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Another chance to live, even for dead rebels

 Soheila Sokhanvari

(Barbican, 7 October 2022 – 26 February 2023)

Review by Sana Nassari


The 1979 Iranian revolution and the establishment of the Islamic regime have impacted the lives of women more than anyone else in Iran. Along with the compulsory dress code of full covering for women, other forms of hijab and of exclusion have been imposed, among which the prohibition on dancing and women’s solo singing are addressed in Soheila Sokhanvari’s exhibition, Rebel Rebel. As part of its multi-faceted installation, Sokhanvari has created 28 portraits of progressive Iranian females who, despite all the limitations of family and society, pursued their careers as artists instead of sticking to the clichéd, acceptable roles for women. This exhibition not only commemorates those female icons from pre-1979 revolutionary Iran but, by offering a journey through the not-too-distant contemporary history of Iranian art, provides a space in which they can continue their stolen artistic lives. 

The whole of the walls and floor of the Barbican Curve gallery have been illuminated with geometric motifs from Islamic art. Considering that Sokhanvari depicts images of the rebellion against orthodoxy of modern Iranian female artists, the purpose of these geometric patterns is not only decorative, nor, as some critics believe, are they intended to create a peaceful temple for the audience to focus on artworks. Rather, the overlapping green and white Islamic motifs – initially created to avoid figurative images in accordance with the sacred scriptures of Islam – are here surrounding illustrations of women who are considered prohibited subjects. The repetitive, interlaced lines that reach every corner of the hall seem metaphorically to represent the patriarchal rules which are always, even benevolently, designed to limit women’s acts and erase their presence. Besides, whether this is the artist’s intention or not, the overarching scale of the patterns versus the relatively small portraits might also be drawing attention to the disproportionate, lopsided occupation of art spaces, which have mostly been dedicated to classical Islamic art rather than the contemporary art of the Middle East.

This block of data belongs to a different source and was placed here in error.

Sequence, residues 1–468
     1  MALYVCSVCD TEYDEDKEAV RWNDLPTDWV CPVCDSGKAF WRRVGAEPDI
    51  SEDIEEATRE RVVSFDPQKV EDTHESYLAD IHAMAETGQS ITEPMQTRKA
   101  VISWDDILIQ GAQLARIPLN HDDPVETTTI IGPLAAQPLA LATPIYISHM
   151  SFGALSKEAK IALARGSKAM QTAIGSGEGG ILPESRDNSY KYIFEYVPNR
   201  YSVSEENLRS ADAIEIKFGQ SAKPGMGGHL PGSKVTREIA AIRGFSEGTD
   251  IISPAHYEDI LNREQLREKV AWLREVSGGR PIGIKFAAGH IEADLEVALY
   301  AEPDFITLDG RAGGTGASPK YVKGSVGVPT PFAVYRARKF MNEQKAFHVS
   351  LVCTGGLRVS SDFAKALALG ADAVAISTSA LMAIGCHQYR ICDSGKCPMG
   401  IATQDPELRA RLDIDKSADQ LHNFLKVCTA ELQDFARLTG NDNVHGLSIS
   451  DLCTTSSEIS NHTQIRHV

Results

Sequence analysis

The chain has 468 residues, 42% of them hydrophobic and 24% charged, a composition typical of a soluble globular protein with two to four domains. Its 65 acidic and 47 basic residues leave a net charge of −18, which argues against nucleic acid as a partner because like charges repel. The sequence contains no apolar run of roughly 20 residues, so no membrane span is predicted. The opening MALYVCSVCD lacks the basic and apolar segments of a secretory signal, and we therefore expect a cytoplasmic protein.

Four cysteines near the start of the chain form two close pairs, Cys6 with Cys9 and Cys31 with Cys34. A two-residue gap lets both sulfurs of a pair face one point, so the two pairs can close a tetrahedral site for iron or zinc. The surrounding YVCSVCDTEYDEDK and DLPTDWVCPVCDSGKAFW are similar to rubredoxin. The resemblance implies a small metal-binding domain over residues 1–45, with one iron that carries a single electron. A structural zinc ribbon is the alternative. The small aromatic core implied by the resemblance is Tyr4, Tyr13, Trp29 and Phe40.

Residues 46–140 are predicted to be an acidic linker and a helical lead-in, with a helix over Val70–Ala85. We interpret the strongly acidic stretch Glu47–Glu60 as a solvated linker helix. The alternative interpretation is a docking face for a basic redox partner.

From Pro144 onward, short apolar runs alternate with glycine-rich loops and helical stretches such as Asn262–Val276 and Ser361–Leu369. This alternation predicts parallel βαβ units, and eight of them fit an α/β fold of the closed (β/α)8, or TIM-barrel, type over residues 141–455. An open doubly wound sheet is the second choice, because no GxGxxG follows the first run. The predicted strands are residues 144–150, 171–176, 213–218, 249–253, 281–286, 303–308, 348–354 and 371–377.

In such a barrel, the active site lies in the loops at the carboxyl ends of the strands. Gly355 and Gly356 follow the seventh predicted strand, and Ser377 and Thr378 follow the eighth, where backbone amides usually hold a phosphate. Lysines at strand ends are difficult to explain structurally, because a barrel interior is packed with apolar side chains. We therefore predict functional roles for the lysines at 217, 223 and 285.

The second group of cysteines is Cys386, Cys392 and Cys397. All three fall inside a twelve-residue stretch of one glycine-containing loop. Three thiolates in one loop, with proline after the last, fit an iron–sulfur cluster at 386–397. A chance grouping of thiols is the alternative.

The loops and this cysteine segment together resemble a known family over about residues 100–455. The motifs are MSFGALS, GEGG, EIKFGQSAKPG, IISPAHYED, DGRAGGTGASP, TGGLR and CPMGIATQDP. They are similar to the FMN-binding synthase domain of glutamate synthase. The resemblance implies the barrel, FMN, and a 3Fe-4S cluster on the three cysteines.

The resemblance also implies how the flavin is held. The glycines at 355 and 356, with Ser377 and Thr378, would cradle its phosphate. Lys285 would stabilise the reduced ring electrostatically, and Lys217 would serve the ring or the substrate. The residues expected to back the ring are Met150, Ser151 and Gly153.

Sokhanvari employs the flatness of perspective of Persian miniatures in her photograph-based portraits to point to the disparity between the conservative, patriarchal structure of the society and the confident smiling faces of Iran’s cultural divas. The irrepressible exhilaration of the depicted divas is mingled with a soundtrack including the voices of iconic female singers such as Googoosh, who was popular before the Iranian revolution, went silent and has since re-emerged to perform internationally, and Mahvash from the 1950s, whose famous songs involved call and response with her male audiences. In post-revolutionary Iran, women are only allowed to sing in a chorus of singers, which is seen as a vocal veil for their voice.

There are also two boxes in the exhibition, in each of which hologram videos of a female dancer are played. Although held captive in a box, each dancer passionately repeats her moves. It seems that they are pushing against boundaries, and fighting fiercely with an unseen opponent, recalling the fact that this art form has been banned. 

The huge glass crystal star at the very end of the Curve gallery does not come into view until towards the very end of the exhibition, when visitors can finally lounge on seats and watch a compilation of old videos of the artists – dancing, acting and singing – through the glass facets of the star. While the sides, angles and joints of this glass sculpture interrupt the view, they remind visitors that the liveliness of these shows – now blurred memories on old video tape – is distant and inaccessible. 

There is no way out at the end of the Curve, and visitors have to walk back past the vivid colours of the elaborately detailed portraits, during which they can confirm that this is not a ceremony of mourning for the past but a promising invitation towards an ongoing future for the women of Iran. 

Photo courtesy of Lia Toby, Getty Images